Best Practices in Privacy: Duties of the Employer

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According to the United States Equal Employment Opportunity Commission or EEOC, an employer must be at harmony with the established laws at all times. Drafted in 2007, these rules were issued for containing workplace discrimination that is based on race, disability, gender, and other specific characteristics like religion etc.

When your employees are happy and working in good conditions, workplace efficiency is increased with decreased risks of losses. As the employee’s are content with the services that are provided to them, they will work even harder. A certain kind of appreciation is created within the employees and they try to boost the output of a company because that company is providing care to them.

On a basic level, women are generally in more need of care giving facilities than men. They have to take care of the children and do house chores along with cooking dinner and other things. Men also have to look after their household expenses and provide healthcare for family individuals who are disabled and unable to work for themselves.

Therefore, employers need to create a workplace environment that’s sounder and more productive, especially when it comes to best practices in privacy. Following are the duties of an employer regarding best practices in privacy:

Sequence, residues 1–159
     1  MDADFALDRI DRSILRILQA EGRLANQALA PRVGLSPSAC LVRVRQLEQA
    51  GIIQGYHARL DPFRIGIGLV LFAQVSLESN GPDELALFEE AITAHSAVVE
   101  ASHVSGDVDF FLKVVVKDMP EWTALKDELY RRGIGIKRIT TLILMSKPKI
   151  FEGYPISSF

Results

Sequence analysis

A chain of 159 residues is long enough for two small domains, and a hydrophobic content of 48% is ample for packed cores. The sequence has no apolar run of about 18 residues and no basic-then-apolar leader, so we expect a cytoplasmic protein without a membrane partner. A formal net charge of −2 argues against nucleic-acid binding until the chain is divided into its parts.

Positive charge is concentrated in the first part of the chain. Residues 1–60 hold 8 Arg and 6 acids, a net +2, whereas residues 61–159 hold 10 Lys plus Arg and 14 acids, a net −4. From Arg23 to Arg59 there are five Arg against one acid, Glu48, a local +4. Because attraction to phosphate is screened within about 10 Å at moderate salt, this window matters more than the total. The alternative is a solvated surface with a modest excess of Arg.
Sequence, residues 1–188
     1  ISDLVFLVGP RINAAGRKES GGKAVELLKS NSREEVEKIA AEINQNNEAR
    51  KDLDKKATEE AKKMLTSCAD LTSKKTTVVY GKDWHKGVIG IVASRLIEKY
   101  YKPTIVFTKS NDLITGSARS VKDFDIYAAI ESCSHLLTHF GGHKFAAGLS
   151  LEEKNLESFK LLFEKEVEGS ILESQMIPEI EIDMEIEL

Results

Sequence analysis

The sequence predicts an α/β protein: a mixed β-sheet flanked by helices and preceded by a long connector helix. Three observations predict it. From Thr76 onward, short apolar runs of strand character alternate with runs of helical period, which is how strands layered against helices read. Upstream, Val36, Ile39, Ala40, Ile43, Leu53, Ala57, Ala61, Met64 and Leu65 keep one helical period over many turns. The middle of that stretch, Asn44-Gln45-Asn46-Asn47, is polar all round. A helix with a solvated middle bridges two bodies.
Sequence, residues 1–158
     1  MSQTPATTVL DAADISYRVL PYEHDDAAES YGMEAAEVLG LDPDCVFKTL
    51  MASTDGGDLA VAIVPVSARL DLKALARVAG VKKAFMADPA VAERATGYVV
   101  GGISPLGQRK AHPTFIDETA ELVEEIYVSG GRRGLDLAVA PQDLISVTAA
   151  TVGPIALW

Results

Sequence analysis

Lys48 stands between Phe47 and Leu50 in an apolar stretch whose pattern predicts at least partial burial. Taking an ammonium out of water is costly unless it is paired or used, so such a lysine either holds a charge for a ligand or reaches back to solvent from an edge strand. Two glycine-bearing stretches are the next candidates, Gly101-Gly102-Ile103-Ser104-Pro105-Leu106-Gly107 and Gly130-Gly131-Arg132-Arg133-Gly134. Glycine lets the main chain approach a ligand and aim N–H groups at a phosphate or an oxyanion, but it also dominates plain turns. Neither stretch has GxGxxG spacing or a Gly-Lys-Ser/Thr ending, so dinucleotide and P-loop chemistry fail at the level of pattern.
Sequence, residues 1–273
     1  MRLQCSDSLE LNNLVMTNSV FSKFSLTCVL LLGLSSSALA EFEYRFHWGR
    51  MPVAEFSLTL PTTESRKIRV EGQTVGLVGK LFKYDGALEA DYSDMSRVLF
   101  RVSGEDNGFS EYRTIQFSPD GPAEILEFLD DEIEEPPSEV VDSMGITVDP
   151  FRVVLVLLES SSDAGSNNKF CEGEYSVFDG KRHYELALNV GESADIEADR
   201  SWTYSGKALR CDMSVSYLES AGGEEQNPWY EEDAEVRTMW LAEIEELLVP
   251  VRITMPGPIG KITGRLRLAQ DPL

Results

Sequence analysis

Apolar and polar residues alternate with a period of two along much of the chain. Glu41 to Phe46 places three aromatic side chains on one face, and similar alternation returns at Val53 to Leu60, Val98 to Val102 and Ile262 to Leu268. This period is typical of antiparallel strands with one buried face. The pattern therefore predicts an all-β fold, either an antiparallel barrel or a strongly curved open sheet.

Transparent Employment Decisions and Documentation

In order to avoid any unwanted misunderstandings, the employer must be able to explain the exact purpose behind employment. This should also include the documentation of employment papers along with all the relevant information.

Also, all records that contain information about performance, hiring, benefits pay, awards, and leaves should be secured at a safe place. As declared in the statute, this record keeping should last until the employment term or even further if required.

Quarterly Evaluation and Data Protection

An employer is required to conduct a quarterly evaluation of his employees. This will enable employers to get information of the workplace. For example, if employees are not happy with the services being carried out within the company, they can submit an anonymous application. This application would contain the nature of the problem without putting the employee at risk of being despised as a troublemaker.

If an employee is suffering from a particular condition that he or she isn’t that keen on showing, then the data should be protected. Data regarding healthcare facilities and financial stats should remain hidden from other employees who are not in question.

Application software should be introduced within the company to ensure that none of the relevant data is being exposed to anyone on the outside or other workers from within the organization.

Further reading: Corporate Governance | Audit | Performance Improvement

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